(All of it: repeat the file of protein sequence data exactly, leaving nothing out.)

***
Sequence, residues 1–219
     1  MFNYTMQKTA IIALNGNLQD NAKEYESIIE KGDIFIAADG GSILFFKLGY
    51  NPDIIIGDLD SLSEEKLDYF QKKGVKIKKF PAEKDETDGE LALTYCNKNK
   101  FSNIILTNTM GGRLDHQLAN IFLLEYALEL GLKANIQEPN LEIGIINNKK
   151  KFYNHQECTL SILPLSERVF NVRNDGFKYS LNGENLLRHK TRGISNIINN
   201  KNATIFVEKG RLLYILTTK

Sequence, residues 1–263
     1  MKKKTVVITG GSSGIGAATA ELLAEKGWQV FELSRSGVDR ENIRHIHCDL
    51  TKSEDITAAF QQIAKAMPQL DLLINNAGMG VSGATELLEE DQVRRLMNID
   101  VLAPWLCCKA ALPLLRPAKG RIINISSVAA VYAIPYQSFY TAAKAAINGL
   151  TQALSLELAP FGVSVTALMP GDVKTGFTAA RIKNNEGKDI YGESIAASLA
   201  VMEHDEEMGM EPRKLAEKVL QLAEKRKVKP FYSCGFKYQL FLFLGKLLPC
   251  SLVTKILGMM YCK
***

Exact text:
Sequence, residues 1–219
     1  MFNYTMQKTA IIALNGNLQD NAKEYESIIE KGDIFIAADG GSILFFKLGY
    51  NPDIIIGDLD SLSEEKLDYF QKKGVKIKKF PAEKDETDGE LALTYCNKNK
   101  FSNIILTNTM GGRLDHQLAN IFLLEYALEL GLKANIQEPN LEIGIINNKK
   151  KFYNHQECTL SILPLSERVF NVRNDGFKYS LNGENLLRHK TRGISNIINN
   201  KNATIFVEKG RLLYILTTK

Sequence, residues 1–263
     1  MKKKTVVITG GSSGIGAATA ELLAEKGWQV FELSRSGVDR ENIRHIHCDL
    51  TKSEDITAAF QQIAKAMPQL DLLINNAGMG VSGATELLEE DQVRRLMNID
   101  VLAPWLCCKA ALPLLRPAKG RIINISSVAA VYAIPYQSFY TAAKAAINGL
   151  TQALSLELAP FGVSVTALMP GDVKTGFTAA RIKNNEGKDI YGESIAASLA
   201  VMEHDEEMGM EPRKLAEKVL QLAEKRKVKP FYSCGFKYQL FLFLGKLLPC
   251  SLVTKILGMM YCK